changed political environment. The restraint exercised by governments in
criticising China publicly may require that the Tibet movement review and
reconsider its priorities and activities. The logical conclusion out of the
new political reality would seem to counter-balance the absence of formal or
official public expression of concern and support through public acts of
support and solidarity directly by ordinary citizens and the media.

The Berlin Solidarity Rally with the People of Tibet

In May last year the German Tibet Support Group (Tibet Initiative
Deutschland) and the local Tibetan community organised a solidarity rally
for Tibet on the occasion of His Holiness the Dalai Lama's visit to Berlin.
Twenty-five thousand Germans assembled at Berlin's Brandenburg Gate to show
their support for and solidarity with the Tibetan people and His Holiness
the Dalai Lama. It was a massive and most impressive show of public support
for and solidarity with the non-violent freedom struggle of the Tibetan
people. No message to the Chinese government as well as to the German
government could have been clearer and stronger than this peaceful gathering
of thousands of free citizens for a common purpose and with a common message
on Tibet.

The rally conveyed some important messages. Firstly, it demonstrated to the
German government the strong support for the cause of Tibet and for His
Holiness the Dalai Lama among the German population. The rally was, thus,
also a compelling call on the German government to act on Tibet. Secondly,
the wide press and media coverage of the rally coupled with the huge
presence of 25.000 people demonstrated clearly that the issue of Tibet is an
issue of national concern to the people of the Federal Republic of Germany.
As such it is an issue that cannot be ignored in the bilateral relationship
between Germany and China.

Thirdly, the rally made clear to the Chinese government that it may be able
to exert pressure on governments on the issue of Tibet but that it cannot
bully the German public and media into silence. On the contrary, the more
restraint governments may feel compelled to exercise under Chinese pressure,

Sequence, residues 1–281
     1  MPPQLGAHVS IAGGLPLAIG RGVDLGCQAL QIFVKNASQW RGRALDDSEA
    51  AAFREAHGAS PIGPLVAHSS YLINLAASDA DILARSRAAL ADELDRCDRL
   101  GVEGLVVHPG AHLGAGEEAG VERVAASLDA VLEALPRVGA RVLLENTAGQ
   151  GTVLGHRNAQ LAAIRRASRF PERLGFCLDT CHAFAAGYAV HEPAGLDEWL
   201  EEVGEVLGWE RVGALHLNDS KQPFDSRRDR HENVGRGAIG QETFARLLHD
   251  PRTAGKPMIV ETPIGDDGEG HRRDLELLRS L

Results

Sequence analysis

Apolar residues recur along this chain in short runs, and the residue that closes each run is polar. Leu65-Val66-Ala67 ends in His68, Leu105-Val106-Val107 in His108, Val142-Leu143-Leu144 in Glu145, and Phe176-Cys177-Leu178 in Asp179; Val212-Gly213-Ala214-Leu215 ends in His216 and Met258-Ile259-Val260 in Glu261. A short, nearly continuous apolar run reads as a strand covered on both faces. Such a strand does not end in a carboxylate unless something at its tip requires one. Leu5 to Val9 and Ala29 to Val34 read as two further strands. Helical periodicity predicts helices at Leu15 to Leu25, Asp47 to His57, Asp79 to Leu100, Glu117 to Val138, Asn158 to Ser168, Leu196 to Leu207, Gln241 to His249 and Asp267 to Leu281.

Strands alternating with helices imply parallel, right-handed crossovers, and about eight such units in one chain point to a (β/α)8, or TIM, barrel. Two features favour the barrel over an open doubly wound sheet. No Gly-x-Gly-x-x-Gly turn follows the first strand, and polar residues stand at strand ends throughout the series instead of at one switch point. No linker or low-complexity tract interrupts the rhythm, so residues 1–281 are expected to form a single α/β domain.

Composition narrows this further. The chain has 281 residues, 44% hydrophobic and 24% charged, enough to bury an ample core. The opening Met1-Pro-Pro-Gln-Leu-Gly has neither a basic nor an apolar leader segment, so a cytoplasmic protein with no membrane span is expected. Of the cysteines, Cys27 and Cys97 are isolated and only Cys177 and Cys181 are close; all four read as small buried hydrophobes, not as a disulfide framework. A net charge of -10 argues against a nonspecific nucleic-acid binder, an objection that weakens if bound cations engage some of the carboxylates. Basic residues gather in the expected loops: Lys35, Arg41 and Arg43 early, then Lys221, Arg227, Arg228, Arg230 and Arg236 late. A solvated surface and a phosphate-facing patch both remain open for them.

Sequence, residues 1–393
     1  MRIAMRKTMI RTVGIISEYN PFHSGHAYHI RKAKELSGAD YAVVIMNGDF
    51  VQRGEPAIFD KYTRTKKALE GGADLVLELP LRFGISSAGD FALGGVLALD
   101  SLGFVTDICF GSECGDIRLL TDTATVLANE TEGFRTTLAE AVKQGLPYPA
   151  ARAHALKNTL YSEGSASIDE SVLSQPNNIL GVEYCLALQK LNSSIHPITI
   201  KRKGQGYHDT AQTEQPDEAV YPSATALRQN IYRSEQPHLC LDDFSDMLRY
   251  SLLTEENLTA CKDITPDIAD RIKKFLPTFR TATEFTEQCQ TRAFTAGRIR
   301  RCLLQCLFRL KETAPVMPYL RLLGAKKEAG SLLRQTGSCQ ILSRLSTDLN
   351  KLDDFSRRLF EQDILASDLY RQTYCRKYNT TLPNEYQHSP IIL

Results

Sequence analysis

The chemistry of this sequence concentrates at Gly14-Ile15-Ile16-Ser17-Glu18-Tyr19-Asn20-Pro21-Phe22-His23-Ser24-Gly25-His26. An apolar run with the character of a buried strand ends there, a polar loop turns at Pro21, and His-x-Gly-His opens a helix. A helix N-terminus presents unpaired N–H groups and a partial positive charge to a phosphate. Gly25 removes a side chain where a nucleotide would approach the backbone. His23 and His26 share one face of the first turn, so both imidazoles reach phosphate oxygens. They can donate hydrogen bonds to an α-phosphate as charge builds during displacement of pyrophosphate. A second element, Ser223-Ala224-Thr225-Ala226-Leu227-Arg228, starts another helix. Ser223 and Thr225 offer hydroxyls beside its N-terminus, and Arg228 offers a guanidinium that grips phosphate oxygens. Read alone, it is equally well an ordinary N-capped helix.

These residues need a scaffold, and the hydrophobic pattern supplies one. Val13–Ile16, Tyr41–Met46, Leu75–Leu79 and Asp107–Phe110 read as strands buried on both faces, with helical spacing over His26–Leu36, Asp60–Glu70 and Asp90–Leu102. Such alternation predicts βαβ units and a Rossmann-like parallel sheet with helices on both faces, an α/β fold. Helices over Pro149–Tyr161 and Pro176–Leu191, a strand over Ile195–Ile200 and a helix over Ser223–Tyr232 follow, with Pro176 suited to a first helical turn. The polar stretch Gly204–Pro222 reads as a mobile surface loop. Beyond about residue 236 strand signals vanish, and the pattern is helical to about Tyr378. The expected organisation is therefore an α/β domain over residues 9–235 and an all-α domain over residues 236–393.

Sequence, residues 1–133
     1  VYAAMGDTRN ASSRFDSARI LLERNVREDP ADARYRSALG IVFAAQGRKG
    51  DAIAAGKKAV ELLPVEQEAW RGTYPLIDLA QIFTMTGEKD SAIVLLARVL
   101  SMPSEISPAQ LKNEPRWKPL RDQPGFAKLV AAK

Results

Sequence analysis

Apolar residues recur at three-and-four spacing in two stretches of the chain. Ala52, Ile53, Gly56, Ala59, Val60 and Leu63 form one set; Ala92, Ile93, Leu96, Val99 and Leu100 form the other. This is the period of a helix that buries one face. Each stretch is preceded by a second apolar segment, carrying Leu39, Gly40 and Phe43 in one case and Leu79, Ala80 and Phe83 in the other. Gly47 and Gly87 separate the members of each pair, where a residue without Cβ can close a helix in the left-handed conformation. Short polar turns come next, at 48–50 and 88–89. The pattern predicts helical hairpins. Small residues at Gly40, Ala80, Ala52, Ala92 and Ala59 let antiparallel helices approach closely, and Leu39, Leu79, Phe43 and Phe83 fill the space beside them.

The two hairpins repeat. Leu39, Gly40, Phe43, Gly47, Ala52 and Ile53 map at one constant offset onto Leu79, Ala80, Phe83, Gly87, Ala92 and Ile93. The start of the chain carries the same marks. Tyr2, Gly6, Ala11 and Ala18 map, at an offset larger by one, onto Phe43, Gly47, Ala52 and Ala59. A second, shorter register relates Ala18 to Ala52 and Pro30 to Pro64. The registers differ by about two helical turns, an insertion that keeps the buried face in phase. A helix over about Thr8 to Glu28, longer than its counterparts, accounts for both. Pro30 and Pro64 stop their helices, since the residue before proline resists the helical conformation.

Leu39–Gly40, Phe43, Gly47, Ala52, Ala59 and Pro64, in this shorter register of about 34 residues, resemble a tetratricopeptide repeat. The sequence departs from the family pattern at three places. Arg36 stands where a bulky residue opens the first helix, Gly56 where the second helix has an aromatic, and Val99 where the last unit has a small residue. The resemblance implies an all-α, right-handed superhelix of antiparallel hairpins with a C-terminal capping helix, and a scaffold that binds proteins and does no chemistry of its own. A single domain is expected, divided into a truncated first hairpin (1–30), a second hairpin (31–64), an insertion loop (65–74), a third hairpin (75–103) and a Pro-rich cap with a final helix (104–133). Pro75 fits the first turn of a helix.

the more ordinary citizens with a sense of justice and human solidarity with
the weak and persecuted will feel the need to act on their own. This was
exactly what happened in the case of the "Berlin Solidarity Rally with
Tibet". The German Chancellor, Angela Merkel, was on a visit abroad when His
Holiness visited Berlin. The Foreign Minister, Mr. Steinmeier, and the
President of Germany, M. Horst Köhler, both declined to meet with His
Holiness. This situation motivated the German Tibet Support Group and the
local Tibetan Community to organise this rally and thousands of Germans to
follow the call on their own free will and at their own expense. The rally
was organised within 10 days demonstrating impressively the popular appeal
and the strong base of support of the cause of Tibet in Germany.

The importance of sending the right signals to China

Irrespective of the current very grim situation inside Tibet and the
deadlock in the dialogue process between the envoys of His Holiness the
Dalai Lama and the Chinese leadership, there are sufficient reasons for hope
and optimism that the future of Tibet and China will move beyond mistrust
and enmity to a relationship based on mutual respect, trust and recognition
of common interest. This process and development can be encouraged, enhanced
and accelerated significantly by sending the right kind of message and
signal to the Chinese government by members of the international community,
the world public and media. In this context each individual can contribute
and make a difference by speaking out and acting on Tibet. There is no doubt
that the continued expression of concern about and support for Tibet
worldwide will, in the long run, have a positive impact and help create the
necessary political environment for a peaceful resolution of the issue of